What Others Are Saying for October 9, 2009.
Iran has know-how to produce nuclear bomb
Iran has the know-how to produce a nuclear bomb and may already have tested a detonation system small enough to fit into the warhead of a medium-range missile, according to confidential papers revealed on Monday. The “secret annex” to this year’s International Atomic Energy Agency (IAEA) report on Iran summarizes information submitted by intelligence agencies about the country’s work on warheads, detonators and nuclear fuel enrichment, the UK Times newspaper reported. It is based partly on evidence thought to have been smuggled out of Iran by the wife of a spy recruited by German intelligence. The papers conclude that Iran already “has sufficient information to be able to design and produce a workable implosion nuclear device,” or atom bomb. The finding goes beyond America’s public stance and may complicate its efforts at talks in Geneva to prevent Iran acquiring nuclear weapons, the publication pointed out. General James Jones, US President Obama’s National Security Adviser, has said: “Whether they know how to build a bomb or not is a matter of some conjecture. What we are watching is what their intent is and we have been worried about that intent.” The secret report, excerpts of which were posted on the internet at the weekend, matches British and French estimates of Iran’s nuclear progress. Its findings are tentative and not endorsed by the IAEA’s own chief, Mohamed El Baradei, who emphasized last month that the agency had “no concrete proof” of a military dimension to Iran’s programme. France and Israel accused the IAEA of suppressing the annex on publication of its report on Iran last month. The report, “Possible Military Dimensions of Iran’s Nuclear Program,” presents evidence that Iran has done extensive research and testing on how to fashion the components of a nuclear payload to be delivered by the Shahab 3, a medium-range missile capable of hitting Israel and parts of southern Europe. – Kuwait News Agency October 5, 2009.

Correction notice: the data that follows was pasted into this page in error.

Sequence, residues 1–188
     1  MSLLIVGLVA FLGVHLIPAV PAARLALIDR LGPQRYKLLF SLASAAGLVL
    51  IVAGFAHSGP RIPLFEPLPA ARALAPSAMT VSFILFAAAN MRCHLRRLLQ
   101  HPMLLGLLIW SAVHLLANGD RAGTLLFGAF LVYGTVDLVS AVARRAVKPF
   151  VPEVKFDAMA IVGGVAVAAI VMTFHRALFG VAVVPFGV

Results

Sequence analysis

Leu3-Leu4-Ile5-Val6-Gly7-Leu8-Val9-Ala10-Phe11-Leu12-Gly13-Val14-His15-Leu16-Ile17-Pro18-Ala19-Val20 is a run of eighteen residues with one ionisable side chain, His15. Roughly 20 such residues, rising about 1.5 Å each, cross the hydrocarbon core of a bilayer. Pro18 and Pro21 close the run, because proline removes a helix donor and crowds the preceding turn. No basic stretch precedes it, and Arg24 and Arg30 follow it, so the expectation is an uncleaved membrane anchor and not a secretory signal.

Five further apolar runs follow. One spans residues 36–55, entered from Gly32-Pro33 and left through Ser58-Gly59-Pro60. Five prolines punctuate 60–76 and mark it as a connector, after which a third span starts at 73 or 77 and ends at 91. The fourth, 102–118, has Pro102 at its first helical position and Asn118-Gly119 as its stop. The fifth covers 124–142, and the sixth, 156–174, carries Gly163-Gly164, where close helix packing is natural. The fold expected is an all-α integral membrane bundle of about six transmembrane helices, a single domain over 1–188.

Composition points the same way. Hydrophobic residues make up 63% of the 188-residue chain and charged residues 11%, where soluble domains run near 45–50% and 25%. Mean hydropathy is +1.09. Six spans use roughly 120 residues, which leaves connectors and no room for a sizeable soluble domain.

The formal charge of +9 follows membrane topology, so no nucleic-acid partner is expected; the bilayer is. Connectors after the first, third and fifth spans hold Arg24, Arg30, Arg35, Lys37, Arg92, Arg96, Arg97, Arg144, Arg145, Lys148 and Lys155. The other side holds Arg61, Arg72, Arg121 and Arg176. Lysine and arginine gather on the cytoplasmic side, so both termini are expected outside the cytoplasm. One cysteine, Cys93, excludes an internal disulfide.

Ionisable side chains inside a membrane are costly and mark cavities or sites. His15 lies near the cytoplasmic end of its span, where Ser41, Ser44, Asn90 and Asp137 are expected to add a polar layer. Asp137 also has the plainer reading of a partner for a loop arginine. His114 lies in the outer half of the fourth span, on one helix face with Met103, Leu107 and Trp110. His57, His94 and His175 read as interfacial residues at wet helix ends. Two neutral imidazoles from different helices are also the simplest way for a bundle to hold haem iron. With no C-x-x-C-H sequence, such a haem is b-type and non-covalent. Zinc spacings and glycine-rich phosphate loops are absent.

Morocco music festival to unite Muslims, Jews
This year’s festival of the Atlantic Andalusias, held in the Moroccan port of Essaouira, will focus on a Moroccan Jewish musical tradition known as Matrouz, organizers announced Thursday. During the festival, to be held from October 29 to November 1, there will be concerts to gather together “our poets, our musicians and our singers, Muslims and Jews, to sing and dance together,” Andre Azoulay, festival chairman and an advisor to Morocco’s King Mohammed VI, told AFP The north African country’s Jewish art is a “major component of the cultural wealth and identity in Morocco,” Azoulay said. “It shouldn’t just be reduced to folklore (…). It gives the best example of how to make mentalities evolve by going out to meet other people.” Matrouz is a tradition that dates back several centuries. One example of the art form will be a concert in which the rabbi Haim Louk will sing accompanied by the Zyriab orchestra from Oudja in east Morocco. Azoulay said that the Franco-Algerian pianist Maurice El Medioni, “one of the great masters of the Jewish Arab tradition,” will perform with the Jewish Moroccan singer, Raymonde El Bedaouia. In the future, there will be a prize for the preservation and performance of Matrouz music, Azoulay added. The festival will pay a posthumous tribute to 1950s singer Zohra Fassia, who was a militant for the peaceful coexistence of Jews and Muslims in Morocco. – Al Arabiya October 9, 2009.
Jews and Arabs unite against Charedi town
Arab Israelis and Jewish kibbutz members are both trying to stop the building of the first Charedi city in northern Israel. But the kibbutzniks are wary of being seen as working too closely with Arabs, fearing Jewish public opinion. Plans spearheaded by the strictly Orthodox Shas party call for the expansion of the small community of Harish, in the heavily Arab Wadi Ara region, into a Charedi city of 150,000 people. The Housing Minister, Nissim Dahan of Shas, has stoked anti-Arab sentiment in his efforts to market the project, saying in July it was a “national duty to prevent the spread of a population that to say the least does not love the state of Israel”. Riyadh Kabha, the former mayor of Barta’a — which borders the area to be developed — has appeared together with Ilan Sadeh, the local council head, at planning commission meetings. He said the city would take 400 dunams of village land, block the town’s expansion when it is already facing a housing shortage and bring the new Charedi neighbours to within 100 metres of Barta’a houses. “The character of the area will change,” he added. “They will try to impose their lifestyle.” Arik Hatzor, a Kibbutz Maanit resident who is heading the campaign to oppose the plan, voiced similar fears. “We have activities every Shabbat and holiday. The shopping centres are open and this provides income to thousands. We know exactly who will dictate to whom the way of life. We have seen it happen in Jerusalem.” – Jewish Chronicle (UK) October 8, 2009.